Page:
“I don’t like horror movies,” smiles Steve Wang, a self-taught artist and sculptor. It’s a startling confession from the famed creature creator, who envisioned and then brought to life the rapacious alien in 1987’s sci-fi horror flick Predator when he was barely 20 years old. For the past 27 years Wang has been designing weird and wonderful mythical creatures for Hollywood movies, TV shows and video game companies, calling on his skills as a sculptor and painter for physical (meaning practical) creations.
The imaginative guy responsible for the nightmarish monsters in Hellboy, Underworld 1 and 2, Predator, Batman Returns, Beetlejuice, Alien VS Predator: Requiem (to name a few) – and various beasts for over a hundred other films and TV shows – began with special effects makeup work back in the mid 80’s.
Mentored by the legendary three-time Oscar-winning special effects supervisor and makeup artist, the late Stan Winston, Wang learned about makeup, puppets and practical effects, but soon parlayed his own prodigious talents into creature design.
“I always had a fascination with Halloween masks as a little kid,” recalls Wang, who moved with his family from Taiwan to the US when he was 8. Wang taught himself how to construct papier-mâché and latex masks. His hard work, creative enthusiasm and self-taught skills eventually led to a Hollywood career, doing something his kid self could only dream about – creating monsters and creature suits for a living.
Tucked away in an industrial section of North Hollywood is Wang’s bustling workshop, Biomorph studios. When I visit on a Saturday afternoon there are four smiling assistants feverishly laboring on one of the shop’s current orders. “In this business, we’re all clowns. If you come into my shop during the day, you’ll hear laughter all day long. Yes, we’re highly skilled artists and technicians, but we feel like Santa’s elves building high-tech toys. Even when it’s high-pressure, by the time it’s done we’ll have something amazing to look at and be proud of.”
These days most of the contracts Wang receives are from the world of video games. “Currently we’re building a lot of realistic, life-sized statues of characters for video game companies, like Blizzard Entertainment, Riot Games and Red 5 Studios.” Statues such as Vikings, aliens and space warriors that stand 7 feet high. “It’s a prestige thing. These companies are the biggest in the world, so they can afford to build the kind of stuff we make, because making a replica of a virtual character is a very expensive process.”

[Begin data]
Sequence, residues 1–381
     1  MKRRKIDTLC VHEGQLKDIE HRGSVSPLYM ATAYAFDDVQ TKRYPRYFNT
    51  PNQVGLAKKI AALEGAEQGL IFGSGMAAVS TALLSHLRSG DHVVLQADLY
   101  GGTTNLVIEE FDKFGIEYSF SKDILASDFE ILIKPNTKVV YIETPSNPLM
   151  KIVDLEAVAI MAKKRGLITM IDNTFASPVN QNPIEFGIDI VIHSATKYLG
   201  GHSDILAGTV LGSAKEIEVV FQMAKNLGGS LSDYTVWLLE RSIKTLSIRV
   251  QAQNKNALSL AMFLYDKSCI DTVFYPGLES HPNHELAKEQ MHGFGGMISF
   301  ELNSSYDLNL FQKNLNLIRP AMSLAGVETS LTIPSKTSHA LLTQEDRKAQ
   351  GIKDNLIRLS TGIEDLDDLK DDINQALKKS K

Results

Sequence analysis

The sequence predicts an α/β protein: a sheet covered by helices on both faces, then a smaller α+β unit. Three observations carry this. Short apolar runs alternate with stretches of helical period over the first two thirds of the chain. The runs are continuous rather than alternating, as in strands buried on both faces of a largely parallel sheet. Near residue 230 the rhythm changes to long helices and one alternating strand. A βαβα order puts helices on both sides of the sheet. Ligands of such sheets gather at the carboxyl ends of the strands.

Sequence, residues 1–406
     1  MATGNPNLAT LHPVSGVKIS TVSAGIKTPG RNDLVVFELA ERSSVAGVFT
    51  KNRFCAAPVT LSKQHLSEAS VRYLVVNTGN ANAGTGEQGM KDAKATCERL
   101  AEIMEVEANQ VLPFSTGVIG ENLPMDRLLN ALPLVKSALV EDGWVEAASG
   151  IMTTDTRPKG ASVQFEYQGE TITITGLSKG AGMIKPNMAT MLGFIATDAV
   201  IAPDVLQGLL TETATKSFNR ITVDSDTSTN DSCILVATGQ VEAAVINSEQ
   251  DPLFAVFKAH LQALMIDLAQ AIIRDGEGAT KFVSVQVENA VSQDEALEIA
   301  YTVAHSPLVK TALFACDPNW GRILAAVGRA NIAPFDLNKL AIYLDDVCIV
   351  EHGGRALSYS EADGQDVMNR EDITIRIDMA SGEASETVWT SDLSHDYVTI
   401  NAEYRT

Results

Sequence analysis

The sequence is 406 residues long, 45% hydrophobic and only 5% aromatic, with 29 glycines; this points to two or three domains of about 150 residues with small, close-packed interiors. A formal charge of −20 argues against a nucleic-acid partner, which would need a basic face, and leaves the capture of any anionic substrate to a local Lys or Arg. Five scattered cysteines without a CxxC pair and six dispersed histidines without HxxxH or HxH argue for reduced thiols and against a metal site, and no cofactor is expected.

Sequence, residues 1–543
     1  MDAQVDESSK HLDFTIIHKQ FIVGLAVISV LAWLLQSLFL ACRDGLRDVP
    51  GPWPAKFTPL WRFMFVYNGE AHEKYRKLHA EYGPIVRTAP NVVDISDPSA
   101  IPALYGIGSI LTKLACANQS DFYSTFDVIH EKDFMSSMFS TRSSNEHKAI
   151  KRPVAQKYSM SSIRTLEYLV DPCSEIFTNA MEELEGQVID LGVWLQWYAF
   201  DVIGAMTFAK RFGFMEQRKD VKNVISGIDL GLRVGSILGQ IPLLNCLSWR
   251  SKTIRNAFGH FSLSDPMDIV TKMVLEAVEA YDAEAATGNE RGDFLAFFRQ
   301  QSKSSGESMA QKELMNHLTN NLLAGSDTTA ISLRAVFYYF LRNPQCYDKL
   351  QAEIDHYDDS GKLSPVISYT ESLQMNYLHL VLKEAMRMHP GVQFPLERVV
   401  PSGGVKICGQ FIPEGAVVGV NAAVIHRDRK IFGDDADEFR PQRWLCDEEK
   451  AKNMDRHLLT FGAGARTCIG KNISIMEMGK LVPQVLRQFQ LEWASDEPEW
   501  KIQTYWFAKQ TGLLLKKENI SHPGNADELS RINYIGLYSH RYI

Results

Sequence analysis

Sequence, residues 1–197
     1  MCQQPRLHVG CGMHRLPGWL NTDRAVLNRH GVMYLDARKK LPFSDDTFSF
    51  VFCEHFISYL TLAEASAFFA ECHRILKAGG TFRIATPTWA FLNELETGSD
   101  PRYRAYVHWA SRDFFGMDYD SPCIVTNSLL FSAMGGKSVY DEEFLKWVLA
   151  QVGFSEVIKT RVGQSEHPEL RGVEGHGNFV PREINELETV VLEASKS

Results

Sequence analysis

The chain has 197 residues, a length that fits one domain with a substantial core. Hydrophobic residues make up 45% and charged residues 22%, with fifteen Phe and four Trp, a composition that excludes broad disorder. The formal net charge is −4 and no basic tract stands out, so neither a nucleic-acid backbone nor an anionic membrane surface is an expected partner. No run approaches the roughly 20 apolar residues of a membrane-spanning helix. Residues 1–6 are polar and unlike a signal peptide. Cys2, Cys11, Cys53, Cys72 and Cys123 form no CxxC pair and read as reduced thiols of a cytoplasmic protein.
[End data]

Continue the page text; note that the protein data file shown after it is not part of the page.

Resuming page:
These statues go on display at huge International gaming conventions. “It helps to generate excitement and promote publicity.” Die-hard fans and enthusiastic gamers are really passionate about these characters – ones they’ve only encountered in a virtual world. “So when they see them, in a realistic interpretation, they really freak out and the buzz goes nuts,” explains Wang.
While his daily work grants him a degree of artistic expression, Wang occasionally gains a breathtaking commission that fully exploits his talents as a sculptor. Recently Wang created a full-sized cast bronze statue for the centerpiece of the courtyard at world-wide videogame company Blizzard Entertainment’s European headquarters. An exquisite statue of Sarah Kerrigan, aka Queen of Blades and popular nemesis from StarCraft 2, now looms outside of Blizzard’s offices in Versailles, France. The ‘Kerrigan Bronze,’ with its exquisite patina, was completed in May last year. From design specs to photos to clay maquette to silicone mold to wax pieces to casting in bronze, the ambitious sculpture was almost a year in the making. While he won’t disclose the cost, Wang admits it was “in the hundreds of thousands.” While her legions of fans may not agree if she’s alien, human or hybrid, the general consensus is, “Kerrigan is sexy.”
This interview first appeared in Ventura Blvd magazine, April 2013 issue.
Read more of this month’s articles here.